Especially online, where our words will persist as long as the Internet does, we’ve got to say what we mean and mean what we say. To do this, we have to know what we are saying.
- ‘Lived experience’ – Without exception, this is a red herring appeal to the notion that one’s autonomy is the final word, an authority as incontrovertible as Science. Surely you can’t deny what someone’s gone through.
But what they’ve gone through is not necessarily what happened. Rather, it’s what they remember seeing or feeling.
In a previous article, I said that “I was raised to believe…” truly means “It’s how I perceived the way my parents taught me the things I think they taught me.” From our perspective, we understand things to be a certain way, but that doesn’t mean they are.
As contentious an example as I can think of, it may be that a black man’s ‘lived experience’ is that police officers hound him daily with their guns cocked as he makes his way innocently around town. Statistics, however, say otherwise; black men aren’t killed by police as often as it appears in the media. This doesn’t minimize racial profiling and the consequences of non-fatal confrontations between cops and black men; it’s only that their “lived experience” makes any interaction more than it could be.
‘Lived experience’ is as close a claim to an absolute as you can get while maintaining there are no absolutes. One’s ‘lived experience’ is their perspective, not an immovable fact around which we build our understanding of the world.
- ‘Privilege’ – Journalist Sydney J. Harris has this quote: “When I hear somebody sigh, ‘Life is hard.’ I am always tempted to ask, ‘Compared to what?’” So it is with ‘privilege.’
I acknowledge there are “privileges” people may inherit at birth: living in a safe neighborhood, living with both a father and a mother, access to clean water and healthcare, enrollment at high-performing schools, government recognition of their individual liberties, and connections to future employment.
Aside from the nuclear family bit (though that’s founded), most would agree all these instances of, ironically, life experiences are advantageous to a person’s well-being, to their pursuit of life, liberty, and happiness.
However, we should recognize that “privilege” infers a baseline, a control group with neutral experience that would signify that another group is better off. Further, this inference assumes we can declare someone is better off than another.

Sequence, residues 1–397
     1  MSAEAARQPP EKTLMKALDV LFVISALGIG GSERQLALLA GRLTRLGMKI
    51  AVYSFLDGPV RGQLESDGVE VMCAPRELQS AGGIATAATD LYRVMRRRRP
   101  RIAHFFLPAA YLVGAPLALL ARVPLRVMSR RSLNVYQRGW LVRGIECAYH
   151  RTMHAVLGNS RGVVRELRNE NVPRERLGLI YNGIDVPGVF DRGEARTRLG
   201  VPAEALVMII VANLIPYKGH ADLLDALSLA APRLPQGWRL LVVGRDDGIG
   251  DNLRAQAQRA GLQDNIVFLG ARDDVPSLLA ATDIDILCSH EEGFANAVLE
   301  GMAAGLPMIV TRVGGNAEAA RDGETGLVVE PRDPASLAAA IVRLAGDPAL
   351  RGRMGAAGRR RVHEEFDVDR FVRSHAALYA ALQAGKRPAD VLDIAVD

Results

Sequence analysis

So, what happens when two groups are equal in all ways save one, and that one is not measurably favorable?
We create a value system.
Our value system to determine that the above examples are advantageous is our belief that it’s good to be successful, positive to contribute to society, and right that people should live as they choose. But, especially as this last value is extending to a person’s choice to die as they choose, these shouldn’t necessarily go without saying, though they may be obvious and even uncontested.
Enter ‘white privilege.’
To decry ‘white privilege’ is to introduce a value ranking to race. It claims that race matters ultimately. While race matters, it is only a compounding factor in the turning of the world. Only when race is made the sole identity and merit of a person can one rank the amount of ‘privilege’ one carries around in their epidermis.
Instead of ‘privilege,’ say ‘benefit’ or ‘advantage.’ These approximate synonyms give the opportunity to consider whether and why a characteristic is favorable, and to what end it moves the favored person.
- Pause for effect – Admittedly, this “phrase” is one that I have used, though I hereby commit to quitting. It is silence speaking louder than words. In its noiselessness, you may not notice it, but now that I’ve pointed it out to you, you’ll see it everywhere.
Pausing for effect is when a speaker will stop talking abruptly or trail off softly to allow what they just said to settle in with the audience. Their silence or unintelligible words highlight an assumed “mic-drop” moment that was to have destroyed any rebuttal.
Because they deliberately quieted themselves to prove their previous point, it speaks more towards an ego of their brilliance than toward their compelling point. Rather than anticipate awe at their poignant genius, speakers should let the truth speak for itself.